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Sea Pines venue guests could have been exposed to hepatitis A, health officials say

ABCs of hepatitis: What’s the difference between A, B, and C?

Hepatitis is a disease characterized by inflammation of the liver. It comes in many forms, including hepatitis A, B and C. But what do those letter designations mean, and how do they differ from one another?
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Hepatitis is a disease characterized by inflammation of the liver. It comes in many forms, including hepatitis A, B and C. But what do those letter designations mean, and how do they differ from one another?

Diners at Harbour Town Yacht Club, located in Sea Pines, could have been exposed to the hepatitis A virus in the past month, a S.C. Department of Health and Environmental Control news release says.

DHEC was notified June 17 about an employee at the event venue who tested positive for the virus, a release says. Hepatitis A is a contagious liver virus.

“This is not a foodborne outbreak,” State Epidemiologist Dr. Linda Bell said in the release. “The concern is with the food handlers who are infected and not with the yacht club.”

The employee worked at a social on June 8, a dinner on June 13 and a wedding party on June 14, the release says.

Bell said risk of exposure is low, but people who ate food at these events should consider a post-exposure vaccination.

Post-exposure vaccinations can be given within two weeks from the date of eating at events where exposure was possible.

  • The June 8 event attendees have until June 22.
  • The June 13 event attendees have until June 27.
  • The June 14 attendees have until June 28.

Most people who get hepatitis A feel sick for several weeks but recover without lasting damage, the release says. People with weakened immune systems, liver disease or anyone who abuses injection or non-injection drugs are at greater risk of more severe illness, the release says.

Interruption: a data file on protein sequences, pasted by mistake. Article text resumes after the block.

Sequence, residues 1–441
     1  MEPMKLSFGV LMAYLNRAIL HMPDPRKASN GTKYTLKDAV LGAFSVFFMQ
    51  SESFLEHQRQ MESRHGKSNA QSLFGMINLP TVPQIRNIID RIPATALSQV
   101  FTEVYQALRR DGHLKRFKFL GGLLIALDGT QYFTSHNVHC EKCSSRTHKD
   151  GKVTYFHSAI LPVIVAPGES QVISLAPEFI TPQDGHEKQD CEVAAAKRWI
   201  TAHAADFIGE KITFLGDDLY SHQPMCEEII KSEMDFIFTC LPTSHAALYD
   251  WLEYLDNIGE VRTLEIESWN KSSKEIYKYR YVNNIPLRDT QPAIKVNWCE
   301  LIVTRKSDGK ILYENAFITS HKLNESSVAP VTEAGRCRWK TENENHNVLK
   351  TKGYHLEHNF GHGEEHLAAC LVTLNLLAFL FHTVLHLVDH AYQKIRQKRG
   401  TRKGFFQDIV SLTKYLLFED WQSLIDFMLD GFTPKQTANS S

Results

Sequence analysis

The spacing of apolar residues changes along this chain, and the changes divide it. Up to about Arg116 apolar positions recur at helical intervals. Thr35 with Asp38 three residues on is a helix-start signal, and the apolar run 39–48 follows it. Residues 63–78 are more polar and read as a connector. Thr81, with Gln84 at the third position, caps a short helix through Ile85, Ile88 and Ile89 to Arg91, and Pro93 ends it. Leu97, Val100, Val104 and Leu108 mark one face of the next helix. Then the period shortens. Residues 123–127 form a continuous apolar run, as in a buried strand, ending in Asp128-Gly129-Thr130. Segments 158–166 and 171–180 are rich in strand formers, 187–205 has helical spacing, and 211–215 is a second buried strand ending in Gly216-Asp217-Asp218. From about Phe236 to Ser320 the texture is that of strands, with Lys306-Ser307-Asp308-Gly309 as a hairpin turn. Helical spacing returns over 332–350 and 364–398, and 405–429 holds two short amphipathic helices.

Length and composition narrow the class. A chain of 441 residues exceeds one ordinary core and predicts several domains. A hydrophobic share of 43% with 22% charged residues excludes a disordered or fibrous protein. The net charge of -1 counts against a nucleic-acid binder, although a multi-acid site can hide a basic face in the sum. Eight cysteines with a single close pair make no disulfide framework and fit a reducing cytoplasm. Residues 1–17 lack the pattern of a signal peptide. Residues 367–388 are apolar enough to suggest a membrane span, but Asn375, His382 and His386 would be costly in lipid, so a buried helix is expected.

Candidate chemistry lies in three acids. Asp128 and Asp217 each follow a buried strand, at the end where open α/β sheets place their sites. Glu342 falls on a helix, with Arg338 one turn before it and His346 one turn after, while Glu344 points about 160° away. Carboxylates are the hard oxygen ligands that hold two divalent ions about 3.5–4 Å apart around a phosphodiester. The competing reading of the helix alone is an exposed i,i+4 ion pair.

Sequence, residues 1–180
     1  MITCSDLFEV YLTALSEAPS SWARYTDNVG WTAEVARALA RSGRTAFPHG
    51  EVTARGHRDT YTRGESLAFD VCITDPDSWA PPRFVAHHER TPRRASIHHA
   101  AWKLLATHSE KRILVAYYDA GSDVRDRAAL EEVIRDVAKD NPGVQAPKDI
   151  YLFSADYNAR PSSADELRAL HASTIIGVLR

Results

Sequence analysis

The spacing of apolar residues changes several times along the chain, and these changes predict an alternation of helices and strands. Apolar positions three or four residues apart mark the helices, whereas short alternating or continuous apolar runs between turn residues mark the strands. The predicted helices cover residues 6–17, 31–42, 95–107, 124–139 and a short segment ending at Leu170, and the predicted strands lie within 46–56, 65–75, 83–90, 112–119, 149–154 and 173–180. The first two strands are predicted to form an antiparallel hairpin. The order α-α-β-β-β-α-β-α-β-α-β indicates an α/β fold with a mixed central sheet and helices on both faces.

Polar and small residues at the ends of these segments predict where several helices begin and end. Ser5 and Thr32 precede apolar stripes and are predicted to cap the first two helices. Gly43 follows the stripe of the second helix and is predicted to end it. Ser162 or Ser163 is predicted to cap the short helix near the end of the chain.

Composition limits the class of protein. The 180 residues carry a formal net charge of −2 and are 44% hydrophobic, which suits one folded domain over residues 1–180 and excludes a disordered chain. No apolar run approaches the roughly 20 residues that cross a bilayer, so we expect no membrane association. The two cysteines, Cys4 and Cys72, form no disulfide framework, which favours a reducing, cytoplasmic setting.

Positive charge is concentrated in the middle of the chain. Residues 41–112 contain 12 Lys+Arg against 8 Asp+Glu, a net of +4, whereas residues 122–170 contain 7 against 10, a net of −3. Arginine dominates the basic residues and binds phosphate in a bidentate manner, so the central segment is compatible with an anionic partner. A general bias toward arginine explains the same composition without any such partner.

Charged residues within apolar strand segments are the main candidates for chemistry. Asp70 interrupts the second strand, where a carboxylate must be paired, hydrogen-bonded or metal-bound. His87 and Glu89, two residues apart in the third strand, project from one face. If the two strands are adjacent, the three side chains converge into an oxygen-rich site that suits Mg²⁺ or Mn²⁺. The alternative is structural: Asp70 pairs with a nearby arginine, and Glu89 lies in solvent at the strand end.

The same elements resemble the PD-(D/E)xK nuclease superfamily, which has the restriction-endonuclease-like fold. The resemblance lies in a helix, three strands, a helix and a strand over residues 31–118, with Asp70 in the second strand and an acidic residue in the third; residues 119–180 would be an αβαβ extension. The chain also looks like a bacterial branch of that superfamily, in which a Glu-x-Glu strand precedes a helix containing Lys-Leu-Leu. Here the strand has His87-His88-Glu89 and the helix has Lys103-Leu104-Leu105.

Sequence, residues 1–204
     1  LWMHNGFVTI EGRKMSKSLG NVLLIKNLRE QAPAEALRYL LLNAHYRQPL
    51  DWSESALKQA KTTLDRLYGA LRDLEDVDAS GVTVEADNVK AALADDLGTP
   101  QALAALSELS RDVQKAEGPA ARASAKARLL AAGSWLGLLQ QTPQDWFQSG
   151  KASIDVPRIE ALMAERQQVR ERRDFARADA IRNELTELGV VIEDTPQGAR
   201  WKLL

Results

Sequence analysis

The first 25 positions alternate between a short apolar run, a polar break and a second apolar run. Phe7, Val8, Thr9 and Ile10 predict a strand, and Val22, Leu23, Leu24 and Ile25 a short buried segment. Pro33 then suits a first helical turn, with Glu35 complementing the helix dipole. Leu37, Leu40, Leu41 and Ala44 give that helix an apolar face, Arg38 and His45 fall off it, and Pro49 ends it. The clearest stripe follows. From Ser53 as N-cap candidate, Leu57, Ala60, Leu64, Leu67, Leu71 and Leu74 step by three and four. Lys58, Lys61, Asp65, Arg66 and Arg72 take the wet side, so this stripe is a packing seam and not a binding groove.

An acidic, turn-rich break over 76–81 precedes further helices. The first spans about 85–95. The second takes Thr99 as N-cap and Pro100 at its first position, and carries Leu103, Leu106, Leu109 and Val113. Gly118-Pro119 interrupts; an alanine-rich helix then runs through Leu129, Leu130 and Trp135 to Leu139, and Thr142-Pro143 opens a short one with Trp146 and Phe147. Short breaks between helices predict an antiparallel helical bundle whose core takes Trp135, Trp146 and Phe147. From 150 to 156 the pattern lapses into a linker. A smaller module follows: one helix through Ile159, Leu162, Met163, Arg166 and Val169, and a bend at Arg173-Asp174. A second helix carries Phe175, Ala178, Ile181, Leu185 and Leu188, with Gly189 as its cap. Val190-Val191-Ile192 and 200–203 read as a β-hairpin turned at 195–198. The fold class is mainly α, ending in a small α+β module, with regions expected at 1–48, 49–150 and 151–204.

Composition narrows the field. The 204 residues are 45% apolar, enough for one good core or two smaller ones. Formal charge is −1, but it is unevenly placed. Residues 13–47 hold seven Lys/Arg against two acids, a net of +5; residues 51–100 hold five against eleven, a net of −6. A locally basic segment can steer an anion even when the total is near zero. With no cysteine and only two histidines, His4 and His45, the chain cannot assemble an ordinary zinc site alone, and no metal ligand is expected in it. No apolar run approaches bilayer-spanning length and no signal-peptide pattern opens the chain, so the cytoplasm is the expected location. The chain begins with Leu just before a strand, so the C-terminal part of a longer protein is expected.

The release notes that Harbour Town Yacht Club received an A rating from DHEC during its last inspection on March 8.

“The real concern in South Carolina is the spread of hepatitis A among high-risk groups and people who live with and have close contact to a person with hepatitis A,” Bell said. “DHEC has been working to vaccinate and educate people in high-risk groups to prevent a widespread outbreak.”

DHEC also was notified of possible hepatitis A exposure at Popeyes in Aiken. An employee of the restaurant recently tested positive, the release says.

Customers who ate at the restaurant between May 29 and June 12 could have been exposed.

DHEC has seen an increase of hepatitis A cases this year and declared a statewide outbreak on May 13. There were 147 cases reported to the department between Nov. 1 and June 14.

If patrons of the club or restaurant have questions, they may contact DHEC at 1-855-472-3432. Staff is available Monday through Friday from 8 a.m. until 6 p.m.

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